During times of war, Fort George G. Meade was the morale booster
By Kevin Leonard
Baltimore Sun Media|
Mar 19, 2020 | 5:00 AM
A few months before the United States was drawn into World War II, the U.S. Army created the Morale Branch, which was tasked with creating recreational diversions for soldiers. The branch was renamed Special Services a year later as it grew into a huge organization with branches responsible for athletics, entertainment, music, motion pictures, libraries, handicrafts and administrative functions.
In the 1990s, Roger White wrote a six-part series for the Ann Arrundell County Historical Society’s newsletter, about the Special Services Division and the role played by Fort Meade during World War II. As White put it, Special Services was needed to “fill the idle time of servicemen who were training in U.S. camps, stationed at isolated outposts overseas, or were pulled back from the front lines of battle for rest or reequipment. … Recreational programs were needed to occupy, strengthen, and refresh the fighting man.”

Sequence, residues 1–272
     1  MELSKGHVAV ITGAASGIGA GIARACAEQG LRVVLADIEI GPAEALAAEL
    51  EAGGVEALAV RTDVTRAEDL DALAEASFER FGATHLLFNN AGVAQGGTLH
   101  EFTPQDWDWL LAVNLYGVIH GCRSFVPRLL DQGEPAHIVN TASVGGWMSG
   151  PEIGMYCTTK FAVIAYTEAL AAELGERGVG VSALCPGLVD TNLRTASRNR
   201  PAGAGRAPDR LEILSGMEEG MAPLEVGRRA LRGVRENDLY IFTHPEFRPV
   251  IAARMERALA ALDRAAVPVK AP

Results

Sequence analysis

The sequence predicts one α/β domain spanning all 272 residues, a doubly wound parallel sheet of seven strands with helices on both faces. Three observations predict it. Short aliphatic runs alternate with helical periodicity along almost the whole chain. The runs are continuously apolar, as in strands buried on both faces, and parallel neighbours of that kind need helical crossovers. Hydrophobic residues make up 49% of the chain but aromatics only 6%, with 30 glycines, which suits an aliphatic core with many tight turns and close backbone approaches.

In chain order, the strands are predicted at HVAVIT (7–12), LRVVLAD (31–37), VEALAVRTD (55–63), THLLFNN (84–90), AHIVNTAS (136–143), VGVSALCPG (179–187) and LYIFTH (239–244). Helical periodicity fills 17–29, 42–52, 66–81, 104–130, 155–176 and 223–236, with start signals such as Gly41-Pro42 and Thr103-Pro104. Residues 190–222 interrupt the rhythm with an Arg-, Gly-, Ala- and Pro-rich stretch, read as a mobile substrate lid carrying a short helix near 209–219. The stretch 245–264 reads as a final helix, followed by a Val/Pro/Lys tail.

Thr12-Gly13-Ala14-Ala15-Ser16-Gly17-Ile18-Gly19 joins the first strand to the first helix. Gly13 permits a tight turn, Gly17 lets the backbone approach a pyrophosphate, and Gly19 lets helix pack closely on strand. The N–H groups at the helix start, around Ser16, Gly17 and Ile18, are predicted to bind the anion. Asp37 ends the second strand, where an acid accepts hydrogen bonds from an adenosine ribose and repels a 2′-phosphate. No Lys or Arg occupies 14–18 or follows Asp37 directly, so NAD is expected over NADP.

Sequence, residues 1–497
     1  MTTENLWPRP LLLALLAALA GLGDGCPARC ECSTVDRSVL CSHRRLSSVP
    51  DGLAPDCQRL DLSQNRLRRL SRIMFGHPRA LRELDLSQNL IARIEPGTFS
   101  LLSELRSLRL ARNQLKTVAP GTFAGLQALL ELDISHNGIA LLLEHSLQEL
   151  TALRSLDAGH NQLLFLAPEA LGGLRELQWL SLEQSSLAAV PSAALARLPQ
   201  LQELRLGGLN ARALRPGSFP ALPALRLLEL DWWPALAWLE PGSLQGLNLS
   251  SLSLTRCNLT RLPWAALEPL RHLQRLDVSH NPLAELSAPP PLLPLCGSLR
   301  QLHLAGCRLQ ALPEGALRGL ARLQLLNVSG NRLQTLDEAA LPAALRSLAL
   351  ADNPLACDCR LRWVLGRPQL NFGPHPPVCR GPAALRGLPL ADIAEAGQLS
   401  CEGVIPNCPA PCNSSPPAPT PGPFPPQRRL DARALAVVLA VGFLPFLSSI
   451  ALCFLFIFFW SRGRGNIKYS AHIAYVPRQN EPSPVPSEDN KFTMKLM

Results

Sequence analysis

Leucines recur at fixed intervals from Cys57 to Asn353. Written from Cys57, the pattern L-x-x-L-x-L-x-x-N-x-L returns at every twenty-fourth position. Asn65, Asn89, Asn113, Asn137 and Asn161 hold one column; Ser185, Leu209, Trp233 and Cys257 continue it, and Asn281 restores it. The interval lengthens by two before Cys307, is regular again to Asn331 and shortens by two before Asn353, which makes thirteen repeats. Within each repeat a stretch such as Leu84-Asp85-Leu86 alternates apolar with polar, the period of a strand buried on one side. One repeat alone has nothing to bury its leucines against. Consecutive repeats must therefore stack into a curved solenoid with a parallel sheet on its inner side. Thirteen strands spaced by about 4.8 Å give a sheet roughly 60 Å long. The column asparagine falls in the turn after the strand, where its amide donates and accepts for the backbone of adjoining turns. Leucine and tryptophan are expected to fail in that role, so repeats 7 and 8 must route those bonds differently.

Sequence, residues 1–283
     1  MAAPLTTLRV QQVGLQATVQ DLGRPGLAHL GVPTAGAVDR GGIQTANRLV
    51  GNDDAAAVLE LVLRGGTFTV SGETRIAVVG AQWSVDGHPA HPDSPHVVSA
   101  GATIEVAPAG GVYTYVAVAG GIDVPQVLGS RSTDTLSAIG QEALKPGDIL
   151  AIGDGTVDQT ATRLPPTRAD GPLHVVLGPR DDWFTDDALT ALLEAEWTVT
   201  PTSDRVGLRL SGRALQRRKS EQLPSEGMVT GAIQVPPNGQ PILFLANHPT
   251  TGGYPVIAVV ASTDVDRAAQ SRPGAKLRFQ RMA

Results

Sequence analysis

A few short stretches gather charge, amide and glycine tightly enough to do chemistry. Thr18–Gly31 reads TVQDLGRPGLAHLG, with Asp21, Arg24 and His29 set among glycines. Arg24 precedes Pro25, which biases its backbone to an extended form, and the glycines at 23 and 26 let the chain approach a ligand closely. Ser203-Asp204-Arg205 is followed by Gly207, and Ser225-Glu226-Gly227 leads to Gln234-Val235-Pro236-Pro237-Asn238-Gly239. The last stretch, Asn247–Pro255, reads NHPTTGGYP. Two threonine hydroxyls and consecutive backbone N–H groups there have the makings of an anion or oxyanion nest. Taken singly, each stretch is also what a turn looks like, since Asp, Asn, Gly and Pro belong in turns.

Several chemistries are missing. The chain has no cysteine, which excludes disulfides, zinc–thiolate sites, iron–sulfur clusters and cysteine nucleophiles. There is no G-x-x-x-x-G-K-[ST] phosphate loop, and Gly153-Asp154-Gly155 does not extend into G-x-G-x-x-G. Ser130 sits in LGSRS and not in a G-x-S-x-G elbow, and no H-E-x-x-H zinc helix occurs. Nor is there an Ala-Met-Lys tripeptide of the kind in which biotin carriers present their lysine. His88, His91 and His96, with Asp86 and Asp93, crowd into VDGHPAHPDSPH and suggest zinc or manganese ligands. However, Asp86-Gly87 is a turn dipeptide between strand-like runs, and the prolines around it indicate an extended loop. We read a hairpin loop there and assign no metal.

According to author Molly Guptill Manning, in “When Books Went to War,” “Although morale was severely challenged in the island battles, the Pacific theater, especially in the later years of the war, was not devoid of amusements for those out of the line of fire. Few newspapers and magazines gave credit to the important work done by the Special Services Division on behalf of the servicemen deployed in these remote regions.”
It succeeded to an astonishing degree around the world. In one instance, as described by Manning, “To temper the stress of battle and provide an escape from the death that surrounded the men, recreation and rest periods were critical. The Special Services Division worked miracles to try to get morale-boosting equipment onto each island in record time. Within four days of the first American landing on Saipan, the Marines were greeted with a boatload of books. Three days later, a library was established.”
Following the formation of the Morale Branch, the War Department directed regiments and battalions to have a full-time recreation officer. A training school was needed.